Woodwind Studies

Woodwind Studies FAQ


Q: Is this a performance program? Why is it part of the Steinhardt School?

A. New York University's "school of music" has historically been housed in the Steinhardt School, beginning in 1925, and has become a part of both the structure and tradition of NYU. Instrumental Woodwind Performance - like its sister programs in brass, piano, strings, vocal, percussion, and jazz studies - is indeed a performance program. It offers conservatory-like training within the context of a demanding liberal arts curriculum. Students graduating from the program receive no teacher training and are not certified to teach in public schools.

Q: Is it possible to do a double major in Music Performance and Music Education?

A. Students cannot double major in two music programs. Since a large number of the 90 music credits, including the 26 core music credits are the same for all music programs a double major is not possible as there isn't a sufficient amount of different courses in the different programs.

Q: How are students matched with private teachers?

A. During the application process students are required to audition for members of the instrumental performance faculty. Here their ability and level of development are assessed. Requests for specific teachers are considered. Some faculty require private meetings and auditions with students. Learn more and sign up for private lessons here.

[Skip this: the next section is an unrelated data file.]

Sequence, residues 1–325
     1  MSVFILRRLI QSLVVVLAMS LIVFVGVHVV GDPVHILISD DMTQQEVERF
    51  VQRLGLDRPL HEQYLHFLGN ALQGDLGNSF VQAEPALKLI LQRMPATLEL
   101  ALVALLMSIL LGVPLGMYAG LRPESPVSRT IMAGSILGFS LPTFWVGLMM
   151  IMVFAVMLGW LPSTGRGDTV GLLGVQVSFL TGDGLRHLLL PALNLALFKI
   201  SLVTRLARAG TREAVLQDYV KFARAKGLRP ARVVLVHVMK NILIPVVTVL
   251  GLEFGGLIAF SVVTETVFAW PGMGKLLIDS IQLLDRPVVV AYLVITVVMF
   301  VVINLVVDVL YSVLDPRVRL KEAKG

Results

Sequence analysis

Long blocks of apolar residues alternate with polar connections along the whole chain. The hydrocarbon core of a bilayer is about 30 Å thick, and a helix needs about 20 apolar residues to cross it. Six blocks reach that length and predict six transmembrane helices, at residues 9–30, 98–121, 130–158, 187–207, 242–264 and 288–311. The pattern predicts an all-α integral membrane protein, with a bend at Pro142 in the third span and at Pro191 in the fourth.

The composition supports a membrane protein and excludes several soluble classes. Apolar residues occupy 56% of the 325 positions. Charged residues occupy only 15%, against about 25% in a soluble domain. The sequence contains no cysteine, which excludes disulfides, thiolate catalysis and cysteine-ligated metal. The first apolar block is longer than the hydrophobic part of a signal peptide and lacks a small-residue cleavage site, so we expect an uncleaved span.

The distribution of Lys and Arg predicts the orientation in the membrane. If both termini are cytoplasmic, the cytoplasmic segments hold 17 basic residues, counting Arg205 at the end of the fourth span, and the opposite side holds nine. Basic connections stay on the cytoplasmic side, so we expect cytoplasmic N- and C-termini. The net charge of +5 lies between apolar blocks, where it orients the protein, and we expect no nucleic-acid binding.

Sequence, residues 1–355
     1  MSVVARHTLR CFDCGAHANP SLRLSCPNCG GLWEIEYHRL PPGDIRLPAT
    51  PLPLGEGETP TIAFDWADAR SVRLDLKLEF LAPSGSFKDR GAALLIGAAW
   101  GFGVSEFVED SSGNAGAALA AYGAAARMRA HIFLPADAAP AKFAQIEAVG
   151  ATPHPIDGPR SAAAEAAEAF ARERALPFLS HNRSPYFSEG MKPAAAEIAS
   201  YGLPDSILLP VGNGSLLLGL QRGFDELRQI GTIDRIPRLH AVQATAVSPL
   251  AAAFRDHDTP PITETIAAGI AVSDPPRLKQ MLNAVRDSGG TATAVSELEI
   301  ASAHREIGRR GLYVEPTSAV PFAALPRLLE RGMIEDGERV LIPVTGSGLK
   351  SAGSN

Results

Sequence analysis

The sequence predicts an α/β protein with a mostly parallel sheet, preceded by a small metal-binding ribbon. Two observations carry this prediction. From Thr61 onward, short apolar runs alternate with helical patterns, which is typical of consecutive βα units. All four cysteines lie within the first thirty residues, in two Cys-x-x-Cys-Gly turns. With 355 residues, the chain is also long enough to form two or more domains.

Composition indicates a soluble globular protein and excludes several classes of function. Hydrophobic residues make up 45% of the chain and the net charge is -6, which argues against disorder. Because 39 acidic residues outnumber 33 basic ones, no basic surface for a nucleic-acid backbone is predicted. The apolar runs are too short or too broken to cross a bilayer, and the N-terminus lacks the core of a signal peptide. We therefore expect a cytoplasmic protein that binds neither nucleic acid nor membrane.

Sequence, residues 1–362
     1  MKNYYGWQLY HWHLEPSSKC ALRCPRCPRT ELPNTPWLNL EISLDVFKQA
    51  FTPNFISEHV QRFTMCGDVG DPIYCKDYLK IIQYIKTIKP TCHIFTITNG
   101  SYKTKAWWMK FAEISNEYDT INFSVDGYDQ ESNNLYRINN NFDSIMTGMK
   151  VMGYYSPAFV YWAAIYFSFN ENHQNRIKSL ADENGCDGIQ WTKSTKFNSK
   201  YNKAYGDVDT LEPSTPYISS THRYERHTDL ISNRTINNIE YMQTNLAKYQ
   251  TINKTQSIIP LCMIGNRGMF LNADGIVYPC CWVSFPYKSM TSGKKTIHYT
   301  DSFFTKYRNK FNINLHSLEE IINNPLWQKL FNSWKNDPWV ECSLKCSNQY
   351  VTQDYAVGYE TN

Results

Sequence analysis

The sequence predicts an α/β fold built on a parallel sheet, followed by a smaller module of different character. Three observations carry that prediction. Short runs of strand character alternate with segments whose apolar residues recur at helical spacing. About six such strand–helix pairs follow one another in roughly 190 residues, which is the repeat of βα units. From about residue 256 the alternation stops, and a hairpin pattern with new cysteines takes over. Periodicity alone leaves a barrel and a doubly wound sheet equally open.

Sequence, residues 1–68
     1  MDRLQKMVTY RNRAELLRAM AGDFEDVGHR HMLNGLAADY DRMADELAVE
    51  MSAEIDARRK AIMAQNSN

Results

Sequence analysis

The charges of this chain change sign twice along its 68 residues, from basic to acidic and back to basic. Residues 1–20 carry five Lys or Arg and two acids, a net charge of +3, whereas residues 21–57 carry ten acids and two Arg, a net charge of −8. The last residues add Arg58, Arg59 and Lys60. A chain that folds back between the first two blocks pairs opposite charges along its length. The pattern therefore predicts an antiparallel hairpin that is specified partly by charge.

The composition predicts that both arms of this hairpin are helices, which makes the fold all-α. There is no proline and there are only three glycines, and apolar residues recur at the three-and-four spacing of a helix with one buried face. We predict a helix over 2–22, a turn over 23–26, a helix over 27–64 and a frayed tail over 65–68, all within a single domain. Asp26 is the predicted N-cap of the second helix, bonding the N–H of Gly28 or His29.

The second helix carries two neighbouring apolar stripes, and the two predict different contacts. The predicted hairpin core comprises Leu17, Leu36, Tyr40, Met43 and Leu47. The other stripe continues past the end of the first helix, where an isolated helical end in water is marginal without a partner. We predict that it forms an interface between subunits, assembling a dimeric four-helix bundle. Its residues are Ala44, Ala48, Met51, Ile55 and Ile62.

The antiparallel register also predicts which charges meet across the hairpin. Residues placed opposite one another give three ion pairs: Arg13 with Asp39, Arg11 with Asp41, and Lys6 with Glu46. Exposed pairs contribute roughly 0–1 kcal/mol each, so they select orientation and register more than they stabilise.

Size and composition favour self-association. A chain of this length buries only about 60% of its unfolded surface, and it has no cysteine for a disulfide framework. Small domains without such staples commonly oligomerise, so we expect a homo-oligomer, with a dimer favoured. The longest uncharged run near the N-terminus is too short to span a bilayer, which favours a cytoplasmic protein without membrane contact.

Q: How do I arrange an audition?

A. Students must first apply to New York University through either Undergraduate Admissions or Graduate Admissions. You will then be able to set up an audition. Please see our Auditions tab for more information.

Q: What is required in the audition?

A. Please see our repertoire pages on the upper left side of our Auditions page.

Q: Are there many performance opportunities for students?

A: There are many performance opportunities for students both within and off-campus and throughout New York City. The NYU Symphony and Repertory Orchestras performs several concerts throughout the year. As well there are ample opportunities for students to perform solo and chamber music works; there are twelve regular chamber music concerts each year. Students also perform with the various opera, music theatre, contemporary music and dance ensembles.